"Watered by the Yangtze and the Han, Chu is a land of lakes and rivers, of well-forested mountains. . . . The people live on fish and rice. Because there is always enough to eat, they are a lazy and improvident folk. . . . They believe in the power of shamans and spirits and are much addicted to lewd religious rites." -1st-century historian Ban Gu concluding his survey of Chu history.

Shao Shan

In 1893, Mao Zedong was born in this village 98km (60 miles) south of Changsha. Beginning with the frenzied early years of the Cultural Revolution (1966-76) and continuing into the early 1990s, Shao Shan was a mecca of sorts to millions of Chinese who made the pilgrimage here for reasons that changed over the years -- from revolutionary zeal to coercion to, finally, nostalgia. Today the crowds have thinned out considerably, though they increase on holidays and on Mao's birthday, December 26. The sights include the house Mao grew up in, a memorial exhibition, the Mao Library, and the family ancestral home, but the latter two will be of little interest without knowledge of written Chinese. This is an easy day trip from Changsha.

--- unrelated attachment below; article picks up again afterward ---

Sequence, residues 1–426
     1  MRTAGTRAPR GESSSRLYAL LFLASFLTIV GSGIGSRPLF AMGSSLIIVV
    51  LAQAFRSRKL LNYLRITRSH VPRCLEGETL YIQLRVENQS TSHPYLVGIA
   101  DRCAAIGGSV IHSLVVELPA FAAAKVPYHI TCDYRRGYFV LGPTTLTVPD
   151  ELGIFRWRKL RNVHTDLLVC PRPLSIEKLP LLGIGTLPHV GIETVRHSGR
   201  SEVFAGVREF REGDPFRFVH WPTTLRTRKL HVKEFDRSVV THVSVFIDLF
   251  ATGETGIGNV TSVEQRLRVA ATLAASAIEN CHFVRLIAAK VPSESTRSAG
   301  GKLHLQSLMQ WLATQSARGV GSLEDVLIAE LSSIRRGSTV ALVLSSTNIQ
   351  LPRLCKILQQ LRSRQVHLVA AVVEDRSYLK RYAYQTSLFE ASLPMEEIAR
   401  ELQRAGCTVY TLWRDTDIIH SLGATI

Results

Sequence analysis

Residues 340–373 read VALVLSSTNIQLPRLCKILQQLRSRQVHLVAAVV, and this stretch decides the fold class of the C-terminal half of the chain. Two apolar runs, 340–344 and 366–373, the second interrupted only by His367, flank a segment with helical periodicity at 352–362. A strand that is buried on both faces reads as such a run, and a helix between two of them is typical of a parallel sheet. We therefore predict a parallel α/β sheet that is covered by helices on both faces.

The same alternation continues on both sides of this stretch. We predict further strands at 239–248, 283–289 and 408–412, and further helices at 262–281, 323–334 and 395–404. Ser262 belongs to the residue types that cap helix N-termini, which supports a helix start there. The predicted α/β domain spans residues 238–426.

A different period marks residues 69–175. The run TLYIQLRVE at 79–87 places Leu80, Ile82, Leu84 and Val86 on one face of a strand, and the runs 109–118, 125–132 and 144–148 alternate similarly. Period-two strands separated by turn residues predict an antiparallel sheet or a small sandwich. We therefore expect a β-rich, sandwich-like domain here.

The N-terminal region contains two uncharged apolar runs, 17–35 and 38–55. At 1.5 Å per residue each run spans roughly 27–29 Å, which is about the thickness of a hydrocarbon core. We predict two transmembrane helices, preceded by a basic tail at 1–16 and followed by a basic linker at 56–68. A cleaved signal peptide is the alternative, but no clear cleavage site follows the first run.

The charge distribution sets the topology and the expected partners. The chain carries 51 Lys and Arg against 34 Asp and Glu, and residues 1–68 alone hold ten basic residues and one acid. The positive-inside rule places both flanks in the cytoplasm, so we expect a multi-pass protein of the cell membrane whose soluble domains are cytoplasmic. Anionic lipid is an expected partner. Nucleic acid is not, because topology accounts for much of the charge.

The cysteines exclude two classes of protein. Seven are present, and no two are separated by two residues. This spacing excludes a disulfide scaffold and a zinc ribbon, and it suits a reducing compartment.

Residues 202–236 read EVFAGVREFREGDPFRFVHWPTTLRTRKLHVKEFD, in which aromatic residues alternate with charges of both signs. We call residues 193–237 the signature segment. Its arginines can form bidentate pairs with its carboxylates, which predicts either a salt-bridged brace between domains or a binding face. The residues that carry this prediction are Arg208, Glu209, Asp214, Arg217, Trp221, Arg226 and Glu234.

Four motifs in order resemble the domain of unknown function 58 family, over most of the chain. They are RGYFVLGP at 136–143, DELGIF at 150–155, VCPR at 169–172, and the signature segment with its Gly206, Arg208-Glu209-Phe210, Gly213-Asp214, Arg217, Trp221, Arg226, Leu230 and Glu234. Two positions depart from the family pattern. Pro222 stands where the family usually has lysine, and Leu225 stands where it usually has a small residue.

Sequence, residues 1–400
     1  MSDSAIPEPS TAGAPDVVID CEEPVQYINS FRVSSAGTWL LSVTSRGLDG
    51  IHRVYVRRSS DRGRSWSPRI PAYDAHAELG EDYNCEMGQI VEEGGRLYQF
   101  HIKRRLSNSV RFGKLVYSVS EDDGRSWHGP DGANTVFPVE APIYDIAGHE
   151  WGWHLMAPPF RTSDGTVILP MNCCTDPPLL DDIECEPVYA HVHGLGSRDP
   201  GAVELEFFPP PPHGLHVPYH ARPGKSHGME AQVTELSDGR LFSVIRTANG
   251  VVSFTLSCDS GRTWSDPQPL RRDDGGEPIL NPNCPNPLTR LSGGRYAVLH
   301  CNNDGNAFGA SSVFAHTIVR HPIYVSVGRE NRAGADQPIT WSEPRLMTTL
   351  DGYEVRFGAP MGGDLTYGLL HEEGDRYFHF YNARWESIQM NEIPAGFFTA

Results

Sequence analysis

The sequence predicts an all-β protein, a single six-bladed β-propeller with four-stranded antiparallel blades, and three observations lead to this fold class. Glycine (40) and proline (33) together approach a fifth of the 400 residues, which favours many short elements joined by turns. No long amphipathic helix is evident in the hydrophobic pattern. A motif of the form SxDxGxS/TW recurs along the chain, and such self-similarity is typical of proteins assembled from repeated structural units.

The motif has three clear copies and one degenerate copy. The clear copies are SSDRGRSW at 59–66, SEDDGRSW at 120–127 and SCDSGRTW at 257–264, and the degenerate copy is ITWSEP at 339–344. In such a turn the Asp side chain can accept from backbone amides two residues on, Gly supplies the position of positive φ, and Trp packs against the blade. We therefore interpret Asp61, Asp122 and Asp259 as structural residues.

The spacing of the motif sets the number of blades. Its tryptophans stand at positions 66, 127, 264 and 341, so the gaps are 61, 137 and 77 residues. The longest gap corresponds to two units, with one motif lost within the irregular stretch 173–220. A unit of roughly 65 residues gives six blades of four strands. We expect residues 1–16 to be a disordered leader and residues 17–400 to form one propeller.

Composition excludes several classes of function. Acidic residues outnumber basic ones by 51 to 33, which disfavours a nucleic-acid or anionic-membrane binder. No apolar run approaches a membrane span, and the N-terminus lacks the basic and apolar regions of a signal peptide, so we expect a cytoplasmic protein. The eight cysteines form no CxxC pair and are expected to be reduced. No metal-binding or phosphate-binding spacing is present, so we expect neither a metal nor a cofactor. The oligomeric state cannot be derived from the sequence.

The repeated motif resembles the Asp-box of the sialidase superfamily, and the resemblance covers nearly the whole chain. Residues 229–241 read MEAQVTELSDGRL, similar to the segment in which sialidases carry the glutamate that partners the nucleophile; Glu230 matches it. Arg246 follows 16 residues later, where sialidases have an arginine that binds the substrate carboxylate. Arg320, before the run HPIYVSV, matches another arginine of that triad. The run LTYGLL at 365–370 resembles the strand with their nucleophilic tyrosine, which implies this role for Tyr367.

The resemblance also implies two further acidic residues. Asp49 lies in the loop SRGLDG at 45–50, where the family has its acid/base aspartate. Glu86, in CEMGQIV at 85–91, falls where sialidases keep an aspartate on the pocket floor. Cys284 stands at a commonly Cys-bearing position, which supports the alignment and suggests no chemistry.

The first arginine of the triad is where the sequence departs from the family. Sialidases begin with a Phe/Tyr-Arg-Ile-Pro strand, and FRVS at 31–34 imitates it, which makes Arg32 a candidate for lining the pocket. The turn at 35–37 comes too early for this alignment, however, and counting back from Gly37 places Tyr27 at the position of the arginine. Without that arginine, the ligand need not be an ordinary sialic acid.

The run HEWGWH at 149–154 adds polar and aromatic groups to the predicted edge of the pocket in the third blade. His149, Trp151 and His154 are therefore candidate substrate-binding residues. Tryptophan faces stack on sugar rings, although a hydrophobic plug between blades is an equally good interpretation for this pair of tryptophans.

Mao's Roots -- Mao's father was a poor peasant compelled out of poverty to join the army. Years later he returned to Shao Shan with ambitions of bettering his lot. When Mao was born, his father owned 15 hectares (37 acres) of land and was a "middle peasant." By the time Mao was a teenager, his father had 22 hectares (55 acres) and the status of "rich peasant." Mao spent his childhood in Shao Shan working in his father's rice paddies and, from age 8, studying the Confucian Analects and The Five Classics -- meaning the most modern of his textbooks (the Analects) was from the 3rd century B.C.

In his interviews with Edgar Snow, Mao described a strict upbringing by a father he perceived as oppressive. What isn't often mentioned is that his mother was a devout Buddhist who raised her children in the religion. It wasn't until Mao broadened his reading that he lost his religious faith. Though Mao's family never went hungry, it was in Shao Shan that he witnessed famine and the oppression of the poor. He claimed that such incidents and a natural rebelliousness inclined him toward revolution.


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